This ScribbleLive Spotlight series is intended to inspire real-time storytellers to use our platform in innovative and imaginative ways by showcasing some of the best events produced across our network. This week, we’re taking you even further down the rabbit hole as the variety of events should really make you think about what ‘real-time’ means. Expect some shark trivia and an inexperienced royal who is set to make history.
- The Coronation of Queen Elizabeth II by CPAC
CPAC’s liveblog strikes a particular chord as our London offices are a stone’s throw away from Westminster Abbey where crowds have gathered for the 60th anniversary of the Queen’s coronation. Straining the concept of ‘real-time’ to breaking point, this editorial team in Canada have recreated the coronation as it happened in 1953. Grainy colour photos accompany list of attendees and even the psalms that were sung as the Queen entered the abbey are published. It’s a fantastic recreation of a historical event with the aid of new media: the original supplement to the ceremony from 1953 is published on the liveblog in full (using Scribd) as are tweets from people following the coverage. It pushes the boundaries real-time storytelling and shows off the best of ScribbleLive.
Anybody for a quote? They hardly come bigger than this:
Archbishop: Will you solemnly promise and swear to govern the Peoples of the United Kingdom of Great Britain and Northern Ireland, Canada, Australia, New Zealand, the Union of South Africa, Pakistan, and Ceylon, and of your Possessions and the other Territories to any of them belonging or pertaining, according to their respective laws and customs?
Queen: I solemnly promise so to do.
- Wasser Telefonaktion by Campact.de
From history to campaigning, this is another example of how to use Scribble beyond conventional news reporting. With plans for the privatisation of municipal water supplies gaining traction in the EU, Campact set up a telephone campaign to communicate to German Chancellor Angela Merkel that their supporters were strongly against this ‘commoditisation’ of water. Rather than just have the campaign on its own, they also launched a ScribbleLive event and invited people to share the experiences of their phone calls to the government. Some said the people on the end of the line were pleasant, while others were told they had the wrong number, but the initiative allowed campaigners to communicate with each other and, importantly, let the organisation know how the action was going. Smart!
- Q and A with a shark scientist by NZ Herald
I love this live chat, especially because it highlights that you don’t have to be a celebrity or a sports start to produce a great Q and A. There are so many interesting people out there with fascinating jobs that most people know nothing about – invite them to your newsroom and get them interacting with your readers. The use of the discussion feature makes the chat look neat, but the real winner in this example is the content which ranges from the serious (“At the rate it’s going, could they (sharks) become extinct?”) to the urban-myth-tackling (see above). I know, I can’t believe that the jab to the nose really works either!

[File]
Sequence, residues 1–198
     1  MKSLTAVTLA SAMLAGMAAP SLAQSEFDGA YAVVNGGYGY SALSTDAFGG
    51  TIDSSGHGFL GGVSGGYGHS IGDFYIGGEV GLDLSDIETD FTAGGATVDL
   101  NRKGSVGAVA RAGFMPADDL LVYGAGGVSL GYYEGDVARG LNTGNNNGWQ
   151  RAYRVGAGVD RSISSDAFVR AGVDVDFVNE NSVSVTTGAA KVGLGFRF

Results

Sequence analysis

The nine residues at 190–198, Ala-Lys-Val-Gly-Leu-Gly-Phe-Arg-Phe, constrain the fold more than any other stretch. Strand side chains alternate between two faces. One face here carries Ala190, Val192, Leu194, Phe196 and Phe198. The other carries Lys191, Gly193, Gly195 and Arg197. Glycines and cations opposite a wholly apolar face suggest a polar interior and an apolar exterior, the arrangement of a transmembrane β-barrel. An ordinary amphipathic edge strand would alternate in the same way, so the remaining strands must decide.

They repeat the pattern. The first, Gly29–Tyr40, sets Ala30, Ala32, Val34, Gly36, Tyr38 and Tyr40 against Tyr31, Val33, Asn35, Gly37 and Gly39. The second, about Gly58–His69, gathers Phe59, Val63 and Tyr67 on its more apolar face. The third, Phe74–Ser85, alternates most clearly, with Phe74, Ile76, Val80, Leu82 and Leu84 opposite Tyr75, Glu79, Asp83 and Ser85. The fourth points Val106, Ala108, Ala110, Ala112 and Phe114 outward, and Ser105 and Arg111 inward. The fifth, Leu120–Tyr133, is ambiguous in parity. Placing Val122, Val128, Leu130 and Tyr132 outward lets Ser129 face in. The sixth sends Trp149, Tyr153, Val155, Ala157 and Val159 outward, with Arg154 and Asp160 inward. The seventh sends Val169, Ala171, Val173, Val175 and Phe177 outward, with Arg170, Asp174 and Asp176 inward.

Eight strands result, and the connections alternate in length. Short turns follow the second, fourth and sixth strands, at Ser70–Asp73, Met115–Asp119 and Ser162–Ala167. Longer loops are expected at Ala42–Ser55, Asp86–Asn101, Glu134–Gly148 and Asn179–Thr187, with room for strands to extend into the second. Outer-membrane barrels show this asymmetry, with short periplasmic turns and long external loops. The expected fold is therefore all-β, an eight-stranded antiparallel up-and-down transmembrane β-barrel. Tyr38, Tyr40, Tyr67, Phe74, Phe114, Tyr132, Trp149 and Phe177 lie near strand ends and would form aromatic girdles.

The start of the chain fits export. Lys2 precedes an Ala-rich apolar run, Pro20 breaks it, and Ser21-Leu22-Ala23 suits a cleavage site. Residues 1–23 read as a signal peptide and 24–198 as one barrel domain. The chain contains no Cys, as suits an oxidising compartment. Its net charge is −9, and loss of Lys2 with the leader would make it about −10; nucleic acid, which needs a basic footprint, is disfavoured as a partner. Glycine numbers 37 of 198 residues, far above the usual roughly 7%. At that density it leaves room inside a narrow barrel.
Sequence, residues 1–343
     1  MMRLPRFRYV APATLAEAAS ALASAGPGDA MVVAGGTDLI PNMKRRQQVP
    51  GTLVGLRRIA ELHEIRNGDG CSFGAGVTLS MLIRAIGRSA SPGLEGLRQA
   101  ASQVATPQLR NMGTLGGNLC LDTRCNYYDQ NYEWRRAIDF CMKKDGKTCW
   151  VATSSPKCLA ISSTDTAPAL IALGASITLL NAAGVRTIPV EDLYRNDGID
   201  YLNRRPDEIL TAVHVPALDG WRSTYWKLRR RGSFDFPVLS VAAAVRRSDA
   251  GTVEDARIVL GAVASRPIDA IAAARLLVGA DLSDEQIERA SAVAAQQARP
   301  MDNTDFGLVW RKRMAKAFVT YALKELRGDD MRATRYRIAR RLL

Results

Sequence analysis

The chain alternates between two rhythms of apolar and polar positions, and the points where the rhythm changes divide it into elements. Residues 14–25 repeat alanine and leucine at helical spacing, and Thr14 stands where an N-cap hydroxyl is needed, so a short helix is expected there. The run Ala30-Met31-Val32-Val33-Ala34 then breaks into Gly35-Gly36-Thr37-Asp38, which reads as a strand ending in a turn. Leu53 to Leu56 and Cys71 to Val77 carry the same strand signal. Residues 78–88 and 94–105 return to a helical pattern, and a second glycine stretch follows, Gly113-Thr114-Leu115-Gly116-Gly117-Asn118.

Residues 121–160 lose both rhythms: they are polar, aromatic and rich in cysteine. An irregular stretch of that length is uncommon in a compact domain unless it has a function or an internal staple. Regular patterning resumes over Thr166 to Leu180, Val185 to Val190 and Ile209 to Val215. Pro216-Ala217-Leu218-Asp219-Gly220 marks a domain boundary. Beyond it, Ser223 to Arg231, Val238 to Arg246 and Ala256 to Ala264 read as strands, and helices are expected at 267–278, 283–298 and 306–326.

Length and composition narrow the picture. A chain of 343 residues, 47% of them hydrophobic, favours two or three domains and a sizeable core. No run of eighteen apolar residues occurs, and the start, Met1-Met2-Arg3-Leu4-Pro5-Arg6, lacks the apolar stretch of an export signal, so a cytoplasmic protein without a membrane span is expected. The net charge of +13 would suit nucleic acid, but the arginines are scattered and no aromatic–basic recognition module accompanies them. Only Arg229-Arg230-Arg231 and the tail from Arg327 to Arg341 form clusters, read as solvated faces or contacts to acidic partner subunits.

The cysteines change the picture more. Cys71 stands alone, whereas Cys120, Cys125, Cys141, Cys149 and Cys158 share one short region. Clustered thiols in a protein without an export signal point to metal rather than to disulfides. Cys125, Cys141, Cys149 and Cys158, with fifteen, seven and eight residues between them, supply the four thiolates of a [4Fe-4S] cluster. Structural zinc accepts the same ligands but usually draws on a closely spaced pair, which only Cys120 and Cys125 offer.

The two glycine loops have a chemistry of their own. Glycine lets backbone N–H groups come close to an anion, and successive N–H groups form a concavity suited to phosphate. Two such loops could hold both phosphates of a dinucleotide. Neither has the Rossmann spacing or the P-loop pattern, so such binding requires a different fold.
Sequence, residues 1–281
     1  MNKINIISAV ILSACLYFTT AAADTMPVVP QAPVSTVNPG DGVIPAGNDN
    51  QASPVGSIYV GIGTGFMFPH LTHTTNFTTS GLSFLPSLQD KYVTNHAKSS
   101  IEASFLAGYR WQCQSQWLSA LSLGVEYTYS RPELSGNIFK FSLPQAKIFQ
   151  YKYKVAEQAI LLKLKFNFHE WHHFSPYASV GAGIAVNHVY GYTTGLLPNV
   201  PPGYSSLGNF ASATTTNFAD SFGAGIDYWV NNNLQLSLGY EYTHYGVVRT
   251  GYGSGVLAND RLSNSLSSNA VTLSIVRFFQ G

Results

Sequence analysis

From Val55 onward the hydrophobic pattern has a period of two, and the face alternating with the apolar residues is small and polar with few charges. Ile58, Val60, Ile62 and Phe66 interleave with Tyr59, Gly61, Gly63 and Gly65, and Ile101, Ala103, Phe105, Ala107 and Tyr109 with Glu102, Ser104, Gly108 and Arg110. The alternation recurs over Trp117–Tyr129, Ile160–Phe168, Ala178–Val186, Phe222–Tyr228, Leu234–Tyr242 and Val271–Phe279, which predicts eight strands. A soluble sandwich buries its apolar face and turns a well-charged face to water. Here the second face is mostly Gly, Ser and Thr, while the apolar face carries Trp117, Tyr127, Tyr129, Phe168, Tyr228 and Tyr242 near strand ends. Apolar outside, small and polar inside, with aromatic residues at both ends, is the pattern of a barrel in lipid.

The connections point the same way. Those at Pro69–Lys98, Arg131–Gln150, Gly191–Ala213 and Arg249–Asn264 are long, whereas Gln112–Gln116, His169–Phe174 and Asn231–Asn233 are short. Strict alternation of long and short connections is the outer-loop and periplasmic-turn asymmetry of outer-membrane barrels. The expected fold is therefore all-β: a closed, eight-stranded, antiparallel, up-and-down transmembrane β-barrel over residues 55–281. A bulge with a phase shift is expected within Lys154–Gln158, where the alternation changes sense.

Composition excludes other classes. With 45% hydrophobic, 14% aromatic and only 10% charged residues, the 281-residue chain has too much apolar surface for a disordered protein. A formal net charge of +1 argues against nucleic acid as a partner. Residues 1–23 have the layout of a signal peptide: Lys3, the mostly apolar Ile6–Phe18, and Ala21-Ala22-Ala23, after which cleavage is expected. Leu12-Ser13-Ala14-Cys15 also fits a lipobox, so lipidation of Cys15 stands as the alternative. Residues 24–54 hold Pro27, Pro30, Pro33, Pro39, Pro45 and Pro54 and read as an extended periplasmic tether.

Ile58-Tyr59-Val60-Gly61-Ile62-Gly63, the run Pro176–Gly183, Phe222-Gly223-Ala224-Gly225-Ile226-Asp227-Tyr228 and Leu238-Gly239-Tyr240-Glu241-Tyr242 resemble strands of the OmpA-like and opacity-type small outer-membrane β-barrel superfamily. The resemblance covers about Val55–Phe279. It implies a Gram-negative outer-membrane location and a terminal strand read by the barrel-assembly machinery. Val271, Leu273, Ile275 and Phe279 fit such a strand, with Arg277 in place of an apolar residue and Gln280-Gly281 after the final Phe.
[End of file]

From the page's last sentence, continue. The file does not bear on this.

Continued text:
- Kyle Eastwood Jazz Concert by Fip Radio
ScribbleLive and jazz? Yes, indeed! Fip Radio caught up with Kyle Eastwood (yes, that Eastwood’s son) in Paris and spent the day with him before his evening concert at the ‘Jazz à Roland Garros’ festival. They chit-chatted with him about tennis – apparently he’s torn between Jimmy Connors and John McEnroe for his favourite player – and then filled the live event with images of his concentrated jazz-playing face. One of the main reasons I like this event so much is this Vine video (what, you didn’t know you could integrate Vines in Scribble events?). Who knew jazz and Vine made such a great couple?
- The QP Clip (Article) by Macleans
This is slightly skewing the idea of ‘real time’, but, well, that’s what we’re all about. It has been a month since we introduced our new Article feature and it’s about time that we started showcasing how our clients have been using it. Articles are designed to help streamline the workload in busy newsrooms. You’ve covered an event in real-time but want to write a separate static piece on it too – it seems silly not make use some of the great content you’ve already created and curated. That’s (one of the reasons) why Articles exist, and that’s exactly how Nick Taylor-Vaisey used them. Macleans had already ran a live event on the on the Senate crisis so all that was left to do was write the analysis and pull in the best bits from the liveblog. They then don’t waste any time searching through Twitter for the best tweets: they can just drag and drop them from their event. It makes a lot of sense.